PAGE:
County Board passes Preckwinkle’s budget — which includes hotel tax

SHARE County Board passes Preckwinkle’s budget — which includes hotel tax
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Cook County Board President Toni Preckwinkle delivers the Fiscal Year 2016 budget address at the county board meeting in October. File Photo.| Rich Hein/Sun-Times

Cook County Board President Toni Preckwinkle always called her $4.5 billion budget – which will tag an additional tax on everything from hotels and e-cigarettes to bullets and lawsuits — “difficult.”

But the budget, which will increase spending by the county by nearly $500 million, met 12-5 approval by commissioners on Wednesday. The budget factors in a penny-on-the-dollar sales tax, which will go into effect in January. The total sales tax will rise to 10.25 percent — among the highest in the nation — when state and other taxing bodies’ portions are added in.

“I cautioned almost exactly a year ago — when the Board passed the FY 15 budget — that FY 16 would be extremely difficult. And developing this budget was indeed difficult. But we managed to close a preliminary $198 million gap through a variety of expense cuts, smart management initiatives and with only modest tax and fee hikes,” Preckwinkle said in a statement.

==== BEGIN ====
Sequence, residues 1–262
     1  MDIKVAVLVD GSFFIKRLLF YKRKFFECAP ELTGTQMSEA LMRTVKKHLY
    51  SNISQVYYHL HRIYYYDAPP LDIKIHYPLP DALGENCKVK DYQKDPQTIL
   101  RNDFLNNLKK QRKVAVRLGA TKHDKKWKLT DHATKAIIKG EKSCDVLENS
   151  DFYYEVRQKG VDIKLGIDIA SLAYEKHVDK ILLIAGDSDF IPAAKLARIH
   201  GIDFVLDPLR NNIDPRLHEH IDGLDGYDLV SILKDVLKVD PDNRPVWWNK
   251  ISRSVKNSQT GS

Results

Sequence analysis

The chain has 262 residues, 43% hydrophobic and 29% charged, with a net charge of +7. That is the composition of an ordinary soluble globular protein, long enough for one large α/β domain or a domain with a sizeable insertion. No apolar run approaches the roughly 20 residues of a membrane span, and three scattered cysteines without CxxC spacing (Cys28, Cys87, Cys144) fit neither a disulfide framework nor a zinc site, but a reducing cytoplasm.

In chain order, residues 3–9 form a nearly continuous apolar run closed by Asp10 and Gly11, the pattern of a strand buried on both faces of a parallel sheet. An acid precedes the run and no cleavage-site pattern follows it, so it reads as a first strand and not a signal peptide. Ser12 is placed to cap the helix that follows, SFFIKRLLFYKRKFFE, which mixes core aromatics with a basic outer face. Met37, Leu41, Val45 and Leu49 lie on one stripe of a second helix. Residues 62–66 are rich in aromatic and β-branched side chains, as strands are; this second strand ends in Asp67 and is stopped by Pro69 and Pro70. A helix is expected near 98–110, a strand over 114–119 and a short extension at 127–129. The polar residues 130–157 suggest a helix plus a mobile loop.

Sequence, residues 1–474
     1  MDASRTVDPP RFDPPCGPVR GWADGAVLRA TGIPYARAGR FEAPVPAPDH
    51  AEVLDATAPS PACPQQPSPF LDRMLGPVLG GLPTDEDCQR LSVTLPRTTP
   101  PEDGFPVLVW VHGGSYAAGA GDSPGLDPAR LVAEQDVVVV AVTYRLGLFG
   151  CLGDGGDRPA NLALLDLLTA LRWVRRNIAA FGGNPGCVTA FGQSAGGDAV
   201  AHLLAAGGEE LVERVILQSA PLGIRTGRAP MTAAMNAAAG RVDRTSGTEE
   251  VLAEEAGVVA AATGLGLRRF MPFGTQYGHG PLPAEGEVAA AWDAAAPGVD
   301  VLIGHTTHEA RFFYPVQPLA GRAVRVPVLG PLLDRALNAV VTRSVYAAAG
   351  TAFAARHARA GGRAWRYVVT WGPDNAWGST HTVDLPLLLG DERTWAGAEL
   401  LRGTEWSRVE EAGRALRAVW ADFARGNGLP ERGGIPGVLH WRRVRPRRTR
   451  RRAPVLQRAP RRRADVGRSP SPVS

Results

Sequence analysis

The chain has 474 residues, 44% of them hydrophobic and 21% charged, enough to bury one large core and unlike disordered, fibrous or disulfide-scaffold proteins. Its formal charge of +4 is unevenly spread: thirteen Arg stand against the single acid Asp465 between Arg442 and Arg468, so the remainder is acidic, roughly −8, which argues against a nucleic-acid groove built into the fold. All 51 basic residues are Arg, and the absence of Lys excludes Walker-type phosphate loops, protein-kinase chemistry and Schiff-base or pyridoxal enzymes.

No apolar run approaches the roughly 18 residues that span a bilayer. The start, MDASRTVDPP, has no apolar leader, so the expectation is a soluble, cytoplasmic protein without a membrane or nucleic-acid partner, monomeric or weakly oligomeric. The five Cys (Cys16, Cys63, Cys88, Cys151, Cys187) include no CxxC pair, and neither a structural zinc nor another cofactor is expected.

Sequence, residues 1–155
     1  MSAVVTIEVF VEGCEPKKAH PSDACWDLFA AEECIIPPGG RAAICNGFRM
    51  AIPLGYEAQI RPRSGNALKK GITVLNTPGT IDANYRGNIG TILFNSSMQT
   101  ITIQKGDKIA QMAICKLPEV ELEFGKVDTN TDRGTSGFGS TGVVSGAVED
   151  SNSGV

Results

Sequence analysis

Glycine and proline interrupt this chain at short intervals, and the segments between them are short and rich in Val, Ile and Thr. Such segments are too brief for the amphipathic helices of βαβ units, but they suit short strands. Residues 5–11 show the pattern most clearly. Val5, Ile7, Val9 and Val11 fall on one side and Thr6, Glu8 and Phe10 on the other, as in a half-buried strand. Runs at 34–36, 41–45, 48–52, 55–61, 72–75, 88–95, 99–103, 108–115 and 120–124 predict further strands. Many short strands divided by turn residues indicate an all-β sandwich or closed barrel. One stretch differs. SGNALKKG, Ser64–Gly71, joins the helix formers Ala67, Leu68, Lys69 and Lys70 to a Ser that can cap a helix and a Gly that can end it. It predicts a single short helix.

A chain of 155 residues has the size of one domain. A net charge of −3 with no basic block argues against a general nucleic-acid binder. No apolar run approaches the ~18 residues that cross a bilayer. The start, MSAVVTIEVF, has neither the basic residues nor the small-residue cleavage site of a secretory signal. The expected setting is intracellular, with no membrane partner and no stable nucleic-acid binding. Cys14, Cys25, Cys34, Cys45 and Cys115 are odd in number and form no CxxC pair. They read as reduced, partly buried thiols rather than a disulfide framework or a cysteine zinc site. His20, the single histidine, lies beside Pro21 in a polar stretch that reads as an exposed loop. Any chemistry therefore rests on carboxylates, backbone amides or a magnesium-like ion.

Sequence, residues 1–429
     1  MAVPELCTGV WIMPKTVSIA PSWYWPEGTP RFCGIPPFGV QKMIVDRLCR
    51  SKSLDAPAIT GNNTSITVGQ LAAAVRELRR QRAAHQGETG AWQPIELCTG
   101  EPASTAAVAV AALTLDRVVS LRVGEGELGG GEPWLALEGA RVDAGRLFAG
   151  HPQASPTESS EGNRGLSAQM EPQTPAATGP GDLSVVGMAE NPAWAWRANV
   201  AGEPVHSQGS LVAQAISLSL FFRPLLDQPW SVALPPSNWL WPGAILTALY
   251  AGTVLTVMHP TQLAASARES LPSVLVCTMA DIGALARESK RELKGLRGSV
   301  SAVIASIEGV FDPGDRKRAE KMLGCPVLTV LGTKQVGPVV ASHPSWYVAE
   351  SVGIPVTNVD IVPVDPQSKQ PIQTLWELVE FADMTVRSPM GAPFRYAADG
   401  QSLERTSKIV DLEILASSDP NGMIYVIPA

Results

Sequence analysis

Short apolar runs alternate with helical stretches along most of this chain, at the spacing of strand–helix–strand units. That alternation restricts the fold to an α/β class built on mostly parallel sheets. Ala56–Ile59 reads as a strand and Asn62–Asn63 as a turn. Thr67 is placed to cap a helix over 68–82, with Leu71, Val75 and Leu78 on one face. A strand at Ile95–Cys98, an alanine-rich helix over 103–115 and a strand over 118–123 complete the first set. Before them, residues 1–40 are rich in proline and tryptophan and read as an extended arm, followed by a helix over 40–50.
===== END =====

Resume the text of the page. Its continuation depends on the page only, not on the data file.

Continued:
Preckwinkle called the budget a “responsible” one that “tackles our needs head-on, without dodging tough decisions or kicking the can down the road,” she said.

Last month, Preckwinkle announced at a budget meeting that she would push to extend the county’s 3 percent amusement tax to include golf, bowling, cable television and secondary sales of sports tickets.

But that plan was scrapped — except for a tax on ticket reselling websites — as Preckwinkle met with commissioners and gained support for a 1 percent hotel tax which will increase the overall tax to a whopping 17.4 percent come May. That’s compared to 12 percent for Las Vegas and 12.5 percent for Orlando, Chicago’s two biggest rivals for convention business. That is expected to bring in about $31 million a year.

The tax on ticket reselling sites is estimated to bring in $750,000 a year. The county will also tag on a $20 fee for filing lawsuits.

The budget also changed the county’s tobacco tax ordinance to include e-cigarettes and e-vapor products to be taxed at 20 cents per milliliter. That change is expected to bring in $1.5 million.

The county is reducing its work force by 1.2 percent— both by eliminating vacancies but also with some layoffs.

The budget also includes a 1-cent-per cartridge tax on ammunition such as .22 caliber bullets, and a 5 cent per bullet tax on 9mm bullets. County Commissioner Richard Boykin signed onto the hotel tax only after Preckwinkle agreed to resurrect her failed, four-year-old plan to tax ammunition sales.

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